Alex, I agree with you about the stupid.

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  29. Deborah said on December 18, 2017 at 11:52 am

    Congrats on the new job Nancy.

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  30. Sherri said on December 18, 2017 at 12:06 pm

    I edited the privacy on that post so you should be able to see it now. You can also friend me; I’m Sherri Nichols.

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  31. Joe Kobiela said on December 18, 2017 at 12:27 pm

    How soon after the April Tinnsly murder did you relocate to the Fort, could possibly have been the reason for the fear. A running friend found her body when he was out for a run, the guy was a Vietnam combat vet, he will talk about Vietnam but not about when he found her. The kids in my addition play outside contiuesly, so hopefully the pendulum has swung back the other way.
    Pilot Joe

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  32. nancy said on December 18, 2017 at 12:31 pm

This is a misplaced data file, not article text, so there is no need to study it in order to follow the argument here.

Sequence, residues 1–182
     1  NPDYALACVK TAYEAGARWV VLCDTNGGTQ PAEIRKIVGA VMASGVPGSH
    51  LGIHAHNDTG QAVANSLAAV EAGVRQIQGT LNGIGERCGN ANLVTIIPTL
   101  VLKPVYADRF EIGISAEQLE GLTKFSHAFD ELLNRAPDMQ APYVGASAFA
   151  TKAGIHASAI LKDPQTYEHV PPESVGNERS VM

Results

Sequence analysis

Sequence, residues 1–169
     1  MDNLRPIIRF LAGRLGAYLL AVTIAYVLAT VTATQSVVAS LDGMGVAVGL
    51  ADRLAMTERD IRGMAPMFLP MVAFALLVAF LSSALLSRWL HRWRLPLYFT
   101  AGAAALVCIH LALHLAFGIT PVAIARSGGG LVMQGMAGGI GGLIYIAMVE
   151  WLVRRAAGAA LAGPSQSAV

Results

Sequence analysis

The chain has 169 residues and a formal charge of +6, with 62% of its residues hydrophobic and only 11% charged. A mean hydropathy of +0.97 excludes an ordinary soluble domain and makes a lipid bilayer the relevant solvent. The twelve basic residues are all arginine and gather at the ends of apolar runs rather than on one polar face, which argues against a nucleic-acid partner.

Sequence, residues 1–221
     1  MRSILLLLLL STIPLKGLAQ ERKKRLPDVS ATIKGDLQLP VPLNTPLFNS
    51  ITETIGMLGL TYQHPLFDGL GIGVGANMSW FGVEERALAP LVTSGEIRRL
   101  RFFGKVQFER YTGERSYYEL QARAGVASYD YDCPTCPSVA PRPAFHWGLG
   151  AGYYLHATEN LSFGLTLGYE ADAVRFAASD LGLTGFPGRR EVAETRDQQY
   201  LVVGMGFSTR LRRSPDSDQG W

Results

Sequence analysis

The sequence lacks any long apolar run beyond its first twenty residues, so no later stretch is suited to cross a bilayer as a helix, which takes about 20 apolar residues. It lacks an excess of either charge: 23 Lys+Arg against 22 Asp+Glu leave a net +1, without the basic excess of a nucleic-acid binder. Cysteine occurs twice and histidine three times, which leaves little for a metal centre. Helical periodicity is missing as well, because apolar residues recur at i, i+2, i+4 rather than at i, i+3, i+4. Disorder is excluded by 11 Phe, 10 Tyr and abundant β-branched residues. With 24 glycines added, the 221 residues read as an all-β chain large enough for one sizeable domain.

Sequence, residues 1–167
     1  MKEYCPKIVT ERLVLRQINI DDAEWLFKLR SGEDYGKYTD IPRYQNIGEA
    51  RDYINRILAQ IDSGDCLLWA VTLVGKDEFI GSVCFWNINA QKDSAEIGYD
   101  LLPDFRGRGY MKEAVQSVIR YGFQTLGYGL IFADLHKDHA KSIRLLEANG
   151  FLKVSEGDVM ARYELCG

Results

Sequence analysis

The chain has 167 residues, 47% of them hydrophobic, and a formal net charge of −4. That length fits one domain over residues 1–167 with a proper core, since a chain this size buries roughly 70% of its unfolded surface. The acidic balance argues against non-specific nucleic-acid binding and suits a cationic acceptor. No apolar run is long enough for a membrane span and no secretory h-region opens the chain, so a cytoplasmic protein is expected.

That was at least 15 years before Alex moved back.

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  33. beb said on December 18, 2017 at 1:06 pm

    Today is a good day for “Labrat Khaz;” a very bad day of Amtrak.

    The derailment of the first run of a “high speed”(1) rail line is a black eye for our national passenger rail system. People have died and that’s a tragedy. Graffiti artists do it for the publicity. The only photo of the accident shows the overpass which has been tagged by “Labrat Khaz…” Now all the knows that Labrat rulez. I imagine by tomorrow Trump will claim credit for “Labrat.”